My stone fruit bears in 2nd leaf. Figs first leaf. Got 40 figs off a new cutting in a 3 gal pot last year. And they were about as good as anything.

I'm pretty sure this is the first year from a spring rooted cutting. But I'm getting old may be 2nd year.

    Bookmark   March 22, 2013 at 1:20PM
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Raw_Nature(5 OH)

Fruitnut:

You don't know how much your experience and help is appreciated!! Figs figs figs... My thought was instead of growing blueberries in a pot I can grow them in ground.. I was new less thinking about growing fruit that cannot survive my climate.. My first thought was figs.. Back before I registered go gardenweb, I was reading about figs, I think a man Al "tapla" or something is the man to talk to about that.. So the first year you get 40 figs roughly? Not bad.. Where do you buy your fig plants? Any good link to growing figs in cold climate in containers?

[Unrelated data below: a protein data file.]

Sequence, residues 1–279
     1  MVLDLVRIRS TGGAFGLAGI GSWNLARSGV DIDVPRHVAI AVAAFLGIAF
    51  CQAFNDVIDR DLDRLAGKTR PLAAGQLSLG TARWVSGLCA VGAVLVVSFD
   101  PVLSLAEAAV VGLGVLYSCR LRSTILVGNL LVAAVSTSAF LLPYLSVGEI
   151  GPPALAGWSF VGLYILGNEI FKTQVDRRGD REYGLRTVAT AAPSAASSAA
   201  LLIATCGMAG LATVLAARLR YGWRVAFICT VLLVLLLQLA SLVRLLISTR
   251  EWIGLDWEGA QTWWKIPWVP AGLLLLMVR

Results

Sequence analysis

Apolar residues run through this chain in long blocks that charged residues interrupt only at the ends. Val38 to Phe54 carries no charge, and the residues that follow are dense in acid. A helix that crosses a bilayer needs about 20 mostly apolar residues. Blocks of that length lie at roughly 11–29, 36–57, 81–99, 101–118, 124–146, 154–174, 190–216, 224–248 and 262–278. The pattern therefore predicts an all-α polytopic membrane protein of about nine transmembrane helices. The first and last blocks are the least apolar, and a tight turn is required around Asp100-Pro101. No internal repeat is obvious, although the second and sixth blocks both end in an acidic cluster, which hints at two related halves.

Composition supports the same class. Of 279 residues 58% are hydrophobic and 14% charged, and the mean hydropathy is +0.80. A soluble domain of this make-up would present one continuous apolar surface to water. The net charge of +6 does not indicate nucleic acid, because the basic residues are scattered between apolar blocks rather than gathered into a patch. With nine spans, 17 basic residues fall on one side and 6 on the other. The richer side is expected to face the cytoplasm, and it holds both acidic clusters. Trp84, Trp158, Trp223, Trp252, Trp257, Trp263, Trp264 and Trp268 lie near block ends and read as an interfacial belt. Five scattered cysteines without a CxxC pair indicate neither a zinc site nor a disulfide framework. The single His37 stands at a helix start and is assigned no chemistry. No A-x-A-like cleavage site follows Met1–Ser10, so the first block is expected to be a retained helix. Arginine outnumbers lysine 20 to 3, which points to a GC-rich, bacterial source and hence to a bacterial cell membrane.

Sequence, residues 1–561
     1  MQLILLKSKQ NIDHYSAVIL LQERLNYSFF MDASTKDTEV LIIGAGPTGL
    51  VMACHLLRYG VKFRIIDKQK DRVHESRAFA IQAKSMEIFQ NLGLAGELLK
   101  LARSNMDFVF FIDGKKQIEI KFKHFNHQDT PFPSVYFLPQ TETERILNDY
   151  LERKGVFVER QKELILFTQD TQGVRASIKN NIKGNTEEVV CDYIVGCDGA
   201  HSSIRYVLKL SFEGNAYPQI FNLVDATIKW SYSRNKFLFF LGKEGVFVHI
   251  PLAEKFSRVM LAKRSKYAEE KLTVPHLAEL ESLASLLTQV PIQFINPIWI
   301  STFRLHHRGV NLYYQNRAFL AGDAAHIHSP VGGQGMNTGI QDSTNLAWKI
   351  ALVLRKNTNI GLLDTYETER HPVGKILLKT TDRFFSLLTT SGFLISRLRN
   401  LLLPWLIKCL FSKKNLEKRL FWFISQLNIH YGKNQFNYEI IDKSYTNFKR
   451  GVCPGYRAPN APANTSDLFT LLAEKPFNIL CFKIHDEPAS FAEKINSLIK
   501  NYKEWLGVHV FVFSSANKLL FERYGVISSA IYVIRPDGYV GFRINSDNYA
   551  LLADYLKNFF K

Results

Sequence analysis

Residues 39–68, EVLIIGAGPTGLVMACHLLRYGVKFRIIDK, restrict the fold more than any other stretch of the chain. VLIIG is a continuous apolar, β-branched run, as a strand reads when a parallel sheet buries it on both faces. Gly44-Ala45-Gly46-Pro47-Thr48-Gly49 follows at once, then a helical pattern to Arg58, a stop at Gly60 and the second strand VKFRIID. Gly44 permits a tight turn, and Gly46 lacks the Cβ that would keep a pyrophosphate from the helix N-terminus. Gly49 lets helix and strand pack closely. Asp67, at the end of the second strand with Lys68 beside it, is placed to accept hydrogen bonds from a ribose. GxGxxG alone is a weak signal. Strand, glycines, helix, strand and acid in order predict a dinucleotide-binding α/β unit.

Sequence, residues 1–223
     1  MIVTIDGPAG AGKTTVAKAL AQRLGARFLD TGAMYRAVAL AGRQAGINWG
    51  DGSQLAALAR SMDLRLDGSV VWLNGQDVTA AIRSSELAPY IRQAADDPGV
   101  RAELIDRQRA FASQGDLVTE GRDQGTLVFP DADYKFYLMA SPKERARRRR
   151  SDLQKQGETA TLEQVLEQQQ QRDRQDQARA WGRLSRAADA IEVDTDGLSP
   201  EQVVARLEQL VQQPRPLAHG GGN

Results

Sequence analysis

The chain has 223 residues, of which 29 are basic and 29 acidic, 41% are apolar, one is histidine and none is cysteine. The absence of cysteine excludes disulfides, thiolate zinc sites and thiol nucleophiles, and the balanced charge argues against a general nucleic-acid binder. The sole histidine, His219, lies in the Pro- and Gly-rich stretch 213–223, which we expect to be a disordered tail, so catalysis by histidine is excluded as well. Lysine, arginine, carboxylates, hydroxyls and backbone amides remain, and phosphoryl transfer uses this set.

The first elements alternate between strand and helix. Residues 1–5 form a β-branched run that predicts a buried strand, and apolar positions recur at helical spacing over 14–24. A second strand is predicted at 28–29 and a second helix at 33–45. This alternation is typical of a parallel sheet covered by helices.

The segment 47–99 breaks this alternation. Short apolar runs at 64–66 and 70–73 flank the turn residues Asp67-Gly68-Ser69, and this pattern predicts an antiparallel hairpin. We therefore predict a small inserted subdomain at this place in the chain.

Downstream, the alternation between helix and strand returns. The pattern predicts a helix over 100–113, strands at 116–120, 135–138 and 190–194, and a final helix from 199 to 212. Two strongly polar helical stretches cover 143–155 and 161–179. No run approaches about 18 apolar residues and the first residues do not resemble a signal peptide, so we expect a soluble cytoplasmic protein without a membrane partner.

Thanks
Joe

    Bookmark   March 22, 2013 at 2:20PM
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fruitnut Z7 4500ft SW TX

Joe:

Get fig cuttings if you can. I got my plants from the most famous fig nursery in CA. I also got root knot nematodes from same. The fig forum on gardenweb is dominated by short season, cold climate growers, almost to a fault for my needs.

    Bookmark   March 22, 2013 at 2:25PM
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shazaam(NC 7B)